When you think back on the winter holidays growing up, were there traditions that involved going outside? I’ve heard when families gathered in the country, they would set up targets for “plinking” with a 22 or BB gun. Sometimes the kids would build snow forts and have a “war.” Perhaps, for city kids like me, it was critical to build a snowman who would greet the family when they arrived or stand guard as everyone bundling up and headed out to “walk off” dinner. Regardless of the activity, it was done as a family – young and old.

I’m concerned that, for whatever reason, there are traditions involving the outdoors that have been lost and replaced with passive forms of entertainment. What does the family, specifically the young people, spend their time during the family gatherings today? Do they go outdoors or do they sit around the TV to watch a movie, curl up on the couch with a video game or find comfort in their own private activity on their mobile device.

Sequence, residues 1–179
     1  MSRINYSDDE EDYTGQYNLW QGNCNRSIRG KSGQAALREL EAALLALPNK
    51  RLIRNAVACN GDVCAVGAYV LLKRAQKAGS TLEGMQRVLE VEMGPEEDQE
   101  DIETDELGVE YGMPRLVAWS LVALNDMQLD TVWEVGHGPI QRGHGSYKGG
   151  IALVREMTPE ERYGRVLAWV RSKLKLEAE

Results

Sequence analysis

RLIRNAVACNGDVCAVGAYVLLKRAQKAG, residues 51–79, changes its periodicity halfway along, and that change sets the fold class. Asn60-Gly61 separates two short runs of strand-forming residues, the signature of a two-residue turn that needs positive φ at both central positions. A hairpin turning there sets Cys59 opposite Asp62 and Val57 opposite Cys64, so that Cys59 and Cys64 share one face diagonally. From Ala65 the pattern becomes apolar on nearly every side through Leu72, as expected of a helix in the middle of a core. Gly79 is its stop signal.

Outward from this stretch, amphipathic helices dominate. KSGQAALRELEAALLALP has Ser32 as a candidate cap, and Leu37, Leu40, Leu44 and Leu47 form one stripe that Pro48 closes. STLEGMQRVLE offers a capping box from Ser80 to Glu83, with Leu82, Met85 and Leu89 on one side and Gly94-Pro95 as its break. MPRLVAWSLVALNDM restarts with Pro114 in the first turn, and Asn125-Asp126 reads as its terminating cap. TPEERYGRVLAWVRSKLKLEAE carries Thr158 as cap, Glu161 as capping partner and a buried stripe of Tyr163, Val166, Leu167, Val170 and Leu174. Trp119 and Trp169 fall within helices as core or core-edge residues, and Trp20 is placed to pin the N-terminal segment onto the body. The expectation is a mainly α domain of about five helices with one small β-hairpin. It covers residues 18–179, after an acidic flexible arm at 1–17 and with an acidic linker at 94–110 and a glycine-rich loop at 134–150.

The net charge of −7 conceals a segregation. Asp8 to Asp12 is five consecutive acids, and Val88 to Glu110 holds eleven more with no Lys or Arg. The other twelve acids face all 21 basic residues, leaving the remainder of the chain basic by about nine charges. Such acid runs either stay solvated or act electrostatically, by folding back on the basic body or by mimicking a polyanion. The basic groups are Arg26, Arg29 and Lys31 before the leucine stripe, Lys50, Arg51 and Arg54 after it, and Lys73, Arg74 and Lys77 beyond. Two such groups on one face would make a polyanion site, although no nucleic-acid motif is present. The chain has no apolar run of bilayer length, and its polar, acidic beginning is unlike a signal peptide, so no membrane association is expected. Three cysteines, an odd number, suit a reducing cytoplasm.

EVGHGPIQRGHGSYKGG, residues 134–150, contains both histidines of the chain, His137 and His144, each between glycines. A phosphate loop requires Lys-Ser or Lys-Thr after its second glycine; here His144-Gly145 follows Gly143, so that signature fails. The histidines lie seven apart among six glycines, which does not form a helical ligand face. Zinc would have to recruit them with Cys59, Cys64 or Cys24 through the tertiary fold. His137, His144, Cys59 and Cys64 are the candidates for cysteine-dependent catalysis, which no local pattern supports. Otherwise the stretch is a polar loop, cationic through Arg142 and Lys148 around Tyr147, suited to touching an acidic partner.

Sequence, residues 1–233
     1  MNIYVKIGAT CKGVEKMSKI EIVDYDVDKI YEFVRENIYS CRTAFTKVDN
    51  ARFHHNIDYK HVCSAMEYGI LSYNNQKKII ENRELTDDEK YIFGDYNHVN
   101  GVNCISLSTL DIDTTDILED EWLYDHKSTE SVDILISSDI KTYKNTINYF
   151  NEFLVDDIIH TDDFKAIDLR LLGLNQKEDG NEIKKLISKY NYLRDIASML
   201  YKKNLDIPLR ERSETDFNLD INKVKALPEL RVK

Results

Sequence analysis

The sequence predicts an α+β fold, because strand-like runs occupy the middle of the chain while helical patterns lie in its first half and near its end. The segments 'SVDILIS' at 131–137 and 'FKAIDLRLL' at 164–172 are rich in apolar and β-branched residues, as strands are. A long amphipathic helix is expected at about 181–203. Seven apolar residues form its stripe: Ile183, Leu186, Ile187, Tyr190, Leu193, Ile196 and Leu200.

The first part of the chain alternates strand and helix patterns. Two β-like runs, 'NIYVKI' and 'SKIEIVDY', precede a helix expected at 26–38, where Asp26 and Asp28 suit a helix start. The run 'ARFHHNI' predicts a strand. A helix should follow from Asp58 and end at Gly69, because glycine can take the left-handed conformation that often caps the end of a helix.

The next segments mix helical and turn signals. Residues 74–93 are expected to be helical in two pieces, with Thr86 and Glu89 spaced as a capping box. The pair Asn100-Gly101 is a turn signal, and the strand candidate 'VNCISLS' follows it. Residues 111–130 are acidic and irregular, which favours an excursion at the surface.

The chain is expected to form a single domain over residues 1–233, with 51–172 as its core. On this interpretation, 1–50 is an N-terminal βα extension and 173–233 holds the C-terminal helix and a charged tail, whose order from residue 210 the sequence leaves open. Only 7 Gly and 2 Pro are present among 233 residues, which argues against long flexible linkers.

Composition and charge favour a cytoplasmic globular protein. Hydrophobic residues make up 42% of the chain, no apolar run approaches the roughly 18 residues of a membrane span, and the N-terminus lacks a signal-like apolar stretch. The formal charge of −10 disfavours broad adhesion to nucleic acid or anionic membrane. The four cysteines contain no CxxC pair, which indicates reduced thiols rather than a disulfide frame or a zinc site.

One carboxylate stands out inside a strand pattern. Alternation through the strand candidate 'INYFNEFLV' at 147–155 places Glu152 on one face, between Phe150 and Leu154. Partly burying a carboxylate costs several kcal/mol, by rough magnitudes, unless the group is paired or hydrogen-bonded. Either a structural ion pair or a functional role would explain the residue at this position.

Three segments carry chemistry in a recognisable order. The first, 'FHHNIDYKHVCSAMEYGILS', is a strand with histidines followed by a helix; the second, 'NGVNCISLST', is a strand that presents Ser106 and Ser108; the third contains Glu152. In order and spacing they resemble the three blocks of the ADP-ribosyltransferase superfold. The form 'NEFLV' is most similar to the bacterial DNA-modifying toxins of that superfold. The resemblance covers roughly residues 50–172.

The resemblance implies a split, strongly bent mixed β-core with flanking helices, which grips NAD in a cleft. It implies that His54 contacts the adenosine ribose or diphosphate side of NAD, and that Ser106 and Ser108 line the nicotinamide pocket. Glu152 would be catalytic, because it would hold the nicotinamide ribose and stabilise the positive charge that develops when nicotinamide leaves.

Regardless of what they do, the consequence of staying indoors is a less active lifestyle.

According to a WebMD article, “Years ago, it was rare to hear about a child with type 2 diabetes. Doctors used to think kids only got type 1. It was even called juvenile diabetes for a long time. Not anymore. Now, according to the CDC, more than 208,000 people younger than 20 have this disease. That number includes both type 1 and type 2 diabetes. The single biggest cause of type 2 diabetes in children is extra weight.”

One of the contributing factors to weight gain is the lack of physical activity. If our family traditions encourage a reluctance to go outside, especially if it’s too cold to go without a coat, aren’t we doing our kids a great disservice?

In the coming months, the leadership of MHHF will focus on reaching more youngsters and parents to promote the joy and benefits of learning about the outdoors through our hunter education clinics.

We greatly appreciate your support in this effort.

Please have a safe, joyful and active holiday!